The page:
In actuality, plastic packaging uses less water, less energy, and fewer resources to produce. This is helping Canada reach climate goals. By using more plastics, not less, Canada can continue to reduce emissions and efficiently use the resources it has.
Misconception: “Alternative materials, like glass, are better for the environment”
As a matter of fact and science, plastics outperform alternatives, like glass, on a life cycle assessment basis. Alternatives are actually more energy intensive to produce and are heavier to transport both onsite and between locations, which makes them more fuel intensive with resulting higher GHG emissions. Not only are plastics lighter, but they are stronger and more durable than alternatives making them last longer and protect the products they hold.
Misconception: “Only the government can solve plastic waste issues”
While the government must play a role in solving plastic waste issues, the plastics industry and consumers are also a huge part of the puzzle and are vital to ending plastic waste. Industry is leading numerous initiatives to eliminate plastics from landfills and ensure that plastics stay in the economy. Canadians want greater collaboration between governments and industry because they know that together we can build real, holistic solutions.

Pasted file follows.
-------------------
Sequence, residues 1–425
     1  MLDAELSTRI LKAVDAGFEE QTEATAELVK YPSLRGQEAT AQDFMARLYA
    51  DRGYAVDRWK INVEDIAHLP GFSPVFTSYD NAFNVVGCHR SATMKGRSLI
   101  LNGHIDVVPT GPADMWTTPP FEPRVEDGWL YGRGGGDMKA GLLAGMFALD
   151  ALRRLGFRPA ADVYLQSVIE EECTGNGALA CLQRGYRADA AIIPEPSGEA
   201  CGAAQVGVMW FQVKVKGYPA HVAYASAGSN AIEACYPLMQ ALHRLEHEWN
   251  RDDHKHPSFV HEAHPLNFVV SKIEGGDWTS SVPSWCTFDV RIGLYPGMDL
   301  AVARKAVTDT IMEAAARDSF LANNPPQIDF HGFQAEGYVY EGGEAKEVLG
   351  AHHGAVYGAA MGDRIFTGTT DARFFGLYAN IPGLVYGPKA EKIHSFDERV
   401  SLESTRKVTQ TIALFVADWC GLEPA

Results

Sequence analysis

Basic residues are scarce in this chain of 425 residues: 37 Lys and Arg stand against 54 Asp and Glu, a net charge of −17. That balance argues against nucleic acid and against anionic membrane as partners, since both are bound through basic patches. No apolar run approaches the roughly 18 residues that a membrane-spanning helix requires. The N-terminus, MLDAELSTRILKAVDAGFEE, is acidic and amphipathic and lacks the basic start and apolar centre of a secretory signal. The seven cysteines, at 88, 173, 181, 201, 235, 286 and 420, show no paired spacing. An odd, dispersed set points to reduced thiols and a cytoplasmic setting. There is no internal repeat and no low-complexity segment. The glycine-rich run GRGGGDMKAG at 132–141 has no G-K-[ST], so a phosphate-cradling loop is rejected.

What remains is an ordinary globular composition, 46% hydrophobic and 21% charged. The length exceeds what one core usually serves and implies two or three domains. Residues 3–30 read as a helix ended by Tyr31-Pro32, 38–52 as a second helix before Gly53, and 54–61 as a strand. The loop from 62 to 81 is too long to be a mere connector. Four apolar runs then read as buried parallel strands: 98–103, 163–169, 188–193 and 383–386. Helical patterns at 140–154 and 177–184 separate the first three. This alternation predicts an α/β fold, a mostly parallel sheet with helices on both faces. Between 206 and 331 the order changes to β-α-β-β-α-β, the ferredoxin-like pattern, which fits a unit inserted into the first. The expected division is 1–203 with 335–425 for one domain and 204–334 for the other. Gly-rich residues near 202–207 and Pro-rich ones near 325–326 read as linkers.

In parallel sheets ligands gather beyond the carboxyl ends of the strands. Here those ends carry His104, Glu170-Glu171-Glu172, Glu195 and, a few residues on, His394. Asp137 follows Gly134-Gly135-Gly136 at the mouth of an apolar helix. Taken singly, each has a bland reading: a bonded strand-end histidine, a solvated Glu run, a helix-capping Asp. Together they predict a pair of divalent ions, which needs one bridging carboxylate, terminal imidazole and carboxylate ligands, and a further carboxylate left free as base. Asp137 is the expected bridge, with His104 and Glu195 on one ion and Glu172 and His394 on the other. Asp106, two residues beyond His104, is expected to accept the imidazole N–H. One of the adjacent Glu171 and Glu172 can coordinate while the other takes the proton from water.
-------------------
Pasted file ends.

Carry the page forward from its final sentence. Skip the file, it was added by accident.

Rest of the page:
Misconception: “The plastics industry has done nothing to reduce plastic waste”
In truth, Canada’s plastic industry is leading a number of initiatives to boost recycling rates and design more sustainable and streamlined products. British Columbia-based RecycleBC has boosted recovery rates to 52%. Meanwhile, Manitoba-based Winpak is supporting a new, sustainable line of packaging that is designed to be more easily recycled. More examples of industry solutions are found here.